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Sociopsychological and Physiological Effects of a Robot-assisted Therapy for Children With Autism
Huang, L; Bharatharaj, J; Al-Jumaily, A; Elara Mohan, R; Krageloh, C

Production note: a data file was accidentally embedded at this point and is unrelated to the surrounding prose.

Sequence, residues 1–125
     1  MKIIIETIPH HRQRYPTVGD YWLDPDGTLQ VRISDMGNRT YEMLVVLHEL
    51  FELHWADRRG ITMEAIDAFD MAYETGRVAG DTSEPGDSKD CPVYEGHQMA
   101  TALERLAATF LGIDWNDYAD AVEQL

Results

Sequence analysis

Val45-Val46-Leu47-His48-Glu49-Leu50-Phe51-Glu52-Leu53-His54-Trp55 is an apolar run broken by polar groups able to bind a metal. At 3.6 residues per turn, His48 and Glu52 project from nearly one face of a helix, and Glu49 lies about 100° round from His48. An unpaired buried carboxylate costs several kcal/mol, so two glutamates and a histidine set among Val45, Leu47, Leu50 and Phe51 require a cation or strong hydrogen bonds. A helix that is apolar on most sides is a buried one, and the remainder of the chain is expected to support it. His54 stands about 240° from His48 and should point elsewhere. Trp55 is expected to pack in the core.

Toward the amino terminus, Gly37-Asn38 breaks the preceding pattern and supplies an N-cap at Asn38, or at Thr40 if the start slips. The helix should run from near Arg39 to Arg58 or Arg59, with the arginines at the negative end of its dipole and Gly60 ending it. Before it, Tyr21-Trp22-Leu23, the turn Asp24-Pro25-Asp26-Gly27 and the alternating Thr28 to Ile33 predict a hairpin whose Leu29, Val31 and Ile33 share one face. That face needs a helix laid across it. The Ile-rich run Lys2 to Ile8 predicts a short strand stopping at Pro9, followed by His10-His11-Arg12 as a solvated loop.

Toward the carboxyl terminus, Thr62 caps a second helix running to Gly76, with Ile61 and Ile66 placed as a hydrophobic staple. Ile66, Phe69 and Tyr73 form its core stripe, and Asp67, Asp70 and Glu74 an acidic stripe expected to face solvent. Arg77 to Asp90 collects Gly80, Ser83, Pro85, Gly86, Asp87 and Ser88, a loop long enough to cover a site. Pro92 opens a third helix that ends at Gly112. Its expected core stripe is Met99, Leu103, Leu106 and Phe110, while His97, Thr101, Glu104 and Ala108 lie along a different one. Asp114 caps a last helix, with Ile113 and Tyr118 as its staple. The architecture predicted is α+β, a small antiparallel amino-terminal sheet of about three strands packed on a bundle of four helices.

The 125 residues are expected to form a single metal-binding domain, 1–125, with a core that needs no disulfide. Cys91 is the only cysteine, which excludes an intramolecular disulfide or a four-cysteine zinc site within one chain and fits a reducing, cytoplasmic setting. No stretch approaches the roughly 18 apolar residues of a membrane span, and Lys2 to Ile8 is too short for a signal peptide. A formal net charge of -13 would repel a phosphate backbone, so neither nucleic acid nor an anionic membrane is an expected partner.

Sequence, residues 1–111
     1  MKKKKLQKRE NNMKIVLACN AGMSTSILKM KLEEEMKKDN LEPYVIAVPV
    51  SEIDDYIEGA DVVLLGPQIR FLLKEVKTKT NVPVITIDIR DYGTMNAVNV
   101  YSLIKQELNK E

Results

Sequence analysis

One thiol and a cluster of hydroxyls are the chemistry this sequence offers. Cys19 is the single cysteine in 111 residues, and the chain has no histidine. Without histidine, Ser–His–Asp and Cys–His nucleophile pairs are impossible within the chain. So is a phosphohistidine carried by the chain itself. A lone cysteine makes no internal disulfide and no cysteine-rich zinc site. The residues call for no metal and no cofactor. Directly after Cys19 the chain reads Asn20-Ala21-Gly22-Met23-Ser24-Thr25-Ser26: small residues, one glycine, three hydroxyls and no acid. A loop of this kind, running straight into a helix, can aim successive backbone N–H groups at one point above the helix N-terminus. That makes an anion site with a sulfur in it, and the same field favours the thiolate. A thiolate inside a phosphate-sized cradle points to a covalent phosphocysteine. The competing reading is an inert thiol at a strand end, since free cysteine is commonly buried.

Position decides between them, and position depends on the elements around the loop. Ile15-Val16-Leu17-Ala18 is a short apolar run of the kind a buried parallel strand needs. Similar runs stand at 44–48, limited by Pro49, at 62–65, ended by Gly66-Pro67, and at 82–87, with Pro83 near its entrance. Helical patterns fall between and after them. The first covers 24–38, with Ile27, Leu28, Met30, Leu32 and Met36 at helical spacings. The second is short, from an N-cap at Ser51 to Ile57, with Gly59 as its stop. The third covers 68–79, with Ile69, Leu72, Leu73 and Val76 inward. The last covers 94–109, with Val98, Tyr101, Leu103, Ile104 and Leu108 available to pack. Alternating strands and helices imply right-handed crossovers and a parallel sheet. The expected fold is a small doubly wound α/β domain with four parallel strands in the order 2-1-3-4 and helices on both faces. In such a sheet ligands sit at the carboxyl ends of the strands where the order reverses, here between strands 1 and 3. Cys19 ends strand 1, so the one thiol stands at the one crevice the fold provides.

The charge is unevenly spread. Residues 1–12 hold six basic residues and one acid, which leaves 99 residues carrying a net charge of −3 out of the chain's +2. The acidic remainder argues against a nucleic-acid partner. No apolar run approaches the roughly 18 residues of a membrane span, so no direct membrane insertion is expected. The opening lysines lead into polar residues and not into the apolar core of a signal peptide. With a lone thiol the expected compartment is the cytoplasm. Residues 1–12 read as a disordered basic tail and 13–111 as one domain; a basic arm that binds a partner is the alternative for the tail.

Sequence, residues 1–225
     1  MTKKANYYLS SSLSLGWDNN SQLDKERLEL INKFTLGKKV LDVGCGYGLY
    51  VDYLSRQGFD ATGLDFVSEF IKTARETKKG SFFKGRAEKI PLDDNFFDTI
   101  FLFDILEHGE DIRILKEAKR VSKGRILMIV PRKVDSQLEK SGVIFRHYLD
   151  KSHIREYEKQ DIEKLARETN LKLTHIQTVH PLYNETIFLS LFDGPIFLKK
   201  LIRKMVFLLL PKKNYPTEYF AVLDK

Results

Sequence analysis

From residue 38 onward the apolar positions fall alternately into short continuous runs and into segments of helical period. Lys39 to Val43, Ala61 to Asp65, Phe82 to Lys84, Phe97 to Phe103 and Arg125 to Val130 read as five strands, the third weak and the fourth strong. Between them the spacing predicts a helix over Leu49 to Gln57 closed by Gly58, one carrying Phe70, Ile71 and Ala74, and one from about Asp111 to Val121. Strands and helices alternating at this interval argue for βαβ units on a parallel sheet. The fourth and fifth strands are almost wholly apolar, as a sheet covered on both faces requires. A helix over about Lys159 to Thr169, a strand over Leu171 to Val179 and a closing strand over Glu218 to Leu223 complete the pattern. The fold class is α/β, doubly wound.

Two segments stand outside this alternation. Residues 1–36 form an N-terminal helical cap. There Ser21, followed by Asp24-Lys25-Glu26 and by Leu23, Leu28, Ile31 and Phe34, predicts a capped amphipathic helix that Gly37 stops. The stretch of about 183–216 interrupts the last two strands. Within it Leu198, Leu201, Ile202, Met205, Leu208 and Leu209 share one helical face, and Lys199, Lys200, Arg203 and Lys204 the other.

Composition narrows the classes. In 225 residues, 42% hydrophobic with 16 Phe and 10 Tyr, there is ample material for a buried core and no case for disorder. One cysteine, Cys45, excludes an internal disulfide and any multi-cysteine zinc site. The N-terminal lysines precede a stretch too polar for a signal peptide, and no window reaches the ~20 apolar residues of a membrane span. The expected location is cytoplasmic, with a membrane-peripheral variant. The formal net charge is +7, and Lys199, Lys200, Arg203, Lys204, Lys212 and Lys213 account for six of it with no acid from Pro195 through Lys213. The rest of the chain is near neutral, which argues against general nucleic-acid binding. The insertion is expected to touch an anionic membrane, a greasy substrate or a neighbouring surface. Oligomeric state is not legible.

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This article reports our findings from a robot-assisted therapeutic study conducted over 49 days to investigate the sociopsychological and physiological effects in children with autism spectrum disorder using a parrot-inspired robot, KiliRo, that we developed to help in therapeutic settings. We investigated the frequency of participants’ interactions among each other and assessed any changes in interaction using social network analysis. Interactions were assessed through manual observation before and after exposure to the robot. Urinary and salivary tests were performed to obtain protein and α-amylase levels, respectively, to report the physiological changes in participating children with autism spectrum disorder before and after interacting with the robot. This is a pioneering human–robot interaction study to investigate changes in stress levels using salivary samples. Systolic and diastolic blood pressure, heart rate, and arterial oxygen saturation level in blood were also monitored to investigate the physiological changes in participating children before, during, and after interacting with our parrot-inspired robot, KiliRo. The results show that the robot can help increase social interaction among children with autism spectrum disorder and assist in learning tasks. Furthermore, the clinical biochemistry test report using urinary and salivary samples indicates that the stress levels of children with autism reduced notably after interacting with the robot. Nevertheless, blood pressure, heart rate, and oxygen levels in blood did not show positive change in all participants.